5 summer travel scams no one warned you about — but should have

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By Christopher Elliott

Watch your wallet while you’re on vacation. You’ve heard that advice before, haven’t you? With the summer travel season in full swing, you’re likely to hear it again, from friends, family and the occasional consumer journalist.

But the real danger isn’t from an overt scam like the “fake” front desk call at the hotel in the middle of the night or the spoofed Wi-Fi hotspot. It isn’t even the predatory timeshare salesmen that take money from you in increments of thousands of dollars.

I mean, let’s be honest: with a little common sense, you can avoid most of these swindles. Also, it’s unfair and a little misleading to say they’re “summer” scams because the bad guys prey on you 365 days a year. The real hazards are where you least expect them, and they affect you in less obvious ways.

Here are my top 5:

Practicing unsafe plastic

Truly effective scams depend on siphoning money away in tiny amounts — $2 or $3 at a time — from a compromised credit card number. When you’re on the road, villains can scan, swipe, and clone your unsecured, non-chip-and-pin American credit card. Don’t expect to see thousand-dollar charges from Zambia (although that does happen from time to time). Instead, the scammers count on you not checking your card balance, and missing that dollar charge for a merchant you’ve never heard of.

The fix: Ask your bank for a safer chip-and-pin card and review your credit card statement at least once a month.

Death by a thousand fees

The travel industry, and particularly airlines, haven’t met a fee they didn’t love. Like the credit card scam, these “gotchas” don’t take you for hundreds of bucks at a time, although that does happen. Instead, it’s a few dollars here, a few dollars there. A $2 delivery fee at your hotel for a newspaper you never requested, a $5 candy bar from a minibar, a $20 fee to check your luggage; alone, these fees are chicken scratch, but put them all together and you’re spending more, maybe a lot more, for your vacation. (Related: Is this a scam? Travel To Go leaves one couple disappointed.)

The fix: Always, always, always ask if the price you’re paying includes everything. A travel company won’t always volunteer that information. If you know, you can make a more informed purchasing decision.

“Conveniences” that aren’t there for you

It’s come to this: When you see the phrase “for your convenience” anywhere when you travel, it’s probably a scam. Consider dynamic currency exchanges on credit cards, which credit as a convenience and often fraudulently implement on your bill when you travel overseas. I covered this currency fiasco, which can happen on a Visa or Master Card bill, in a previous post.

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The solution: Approach anything advertised as a “convenience” with caution. It’s probably anything but that. And don’t forget to check your credit card statement to make sure a business didn’t sneak the charge on your card, anyway. (Here’s how to win a credit card dispute.)

Bad advice you shouldn’t take

Whether it’s that rack of brochures at the welcome center (ask yourself: who pays for those?) or the recommendations of a hotel concierge (follow the money, people) or the enthusiastic writings of a blogger hawking a destination or a travel company (again, mind those affiliate links), there’s no shortage of advice online. Is it any good? I dedicate the entire first chapter of my new book, How to Be the World’s Smartest Traveler (and Save Time, Money, and Hassle) to answering that question. Bottom line: In small and seemingly benign ways, the advice you get from user-generated travel reviews and so-called “experts” can be tainted. But add it all up, and it could make you spend more on vacation and get less. (Related: Is “opt-out” always wrong? The Wall Street Journal doesn’t think so.)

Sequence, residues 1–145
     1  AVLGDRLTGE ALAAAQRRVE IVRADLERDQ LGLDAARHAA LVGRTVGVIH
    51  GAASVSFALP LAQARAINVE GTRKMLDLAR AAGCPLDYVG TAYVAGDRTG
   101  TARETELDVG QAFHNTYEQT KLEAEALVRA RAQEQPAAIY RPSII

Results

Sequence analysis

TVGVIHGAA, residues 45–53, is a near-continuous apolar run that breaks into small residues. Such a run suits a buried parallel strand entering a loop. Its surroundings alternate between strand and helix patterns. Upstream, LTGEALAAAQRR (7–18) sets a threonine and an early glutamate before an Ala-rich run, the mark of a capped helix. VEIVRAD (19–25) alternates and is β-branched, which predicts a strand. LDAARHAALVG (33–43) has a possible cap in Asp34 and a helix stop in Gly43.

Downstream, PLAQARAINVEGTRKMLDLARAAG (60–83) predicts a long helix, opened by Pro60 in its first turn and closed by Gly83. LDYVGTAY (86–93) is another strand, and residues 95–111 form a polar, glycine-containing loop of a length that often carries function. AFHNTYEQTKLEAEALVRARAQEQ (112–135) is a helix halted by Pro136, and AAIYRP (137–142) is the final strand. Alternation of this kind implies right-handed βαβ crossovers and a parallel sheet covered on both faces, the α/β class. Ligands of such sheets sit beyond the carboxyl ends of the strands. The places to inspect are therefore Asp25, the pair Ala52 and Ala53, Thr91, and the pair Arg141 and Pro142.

The fix: When it comes to travel advice, trust your friends and double-check the others. They may have ulterior motives for pitching something.

A fake invitation to return

It’s easy to get sentimental on your summer vacation, isn’t it? You had such a great time, why not come back next year? That’s when they’ll getcha. You might get hit up to buy another cruise at the end of your vacation at sea, or a timeshare while you’re having a theme park vacation in Orlando, or to sign up for a scammy travel “club” that’ll let you return to the islands. They’re often couched in emotional language, suggesting that if you really never want the good times to end, it can happen — for the right price. (Related: Is this a scam? A vacation package never received.)

The fix: Never buy another vacation or travel-related product while you’re on vacation. It is almost always a scam, or close to it.

It shouldn’t come as a surprise that the real rip-offs aren’t in the places where everyone shines a light, but in places where no one looks, and no one expects them. The travel scams that will probably affect you are small, maybe not noticeable at all, but they can add up quickly and ruin your vacation. Learn how to say “no” and you’ll avoid the most common missteps.

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Christopher Elliott

Christopher Elliott is the founder of Elliott Advocacy, a 501(c)(3) nonprofit organization that empowers consumers to solve their problems and helps those who can't. He's the author of numerous books on consumer advocacy and writes three nationally syndicated columns. He also publishes the Elliott Report, a news site for consumers, and Elliott Confidential, a critically acclaimed newsletter about customer service. If you have a consumer problem you can't solve, contact him directly through his advocacy website. You can also follow him on X, Facebook, and LinkedIn, or sign up for his daily newsletter.

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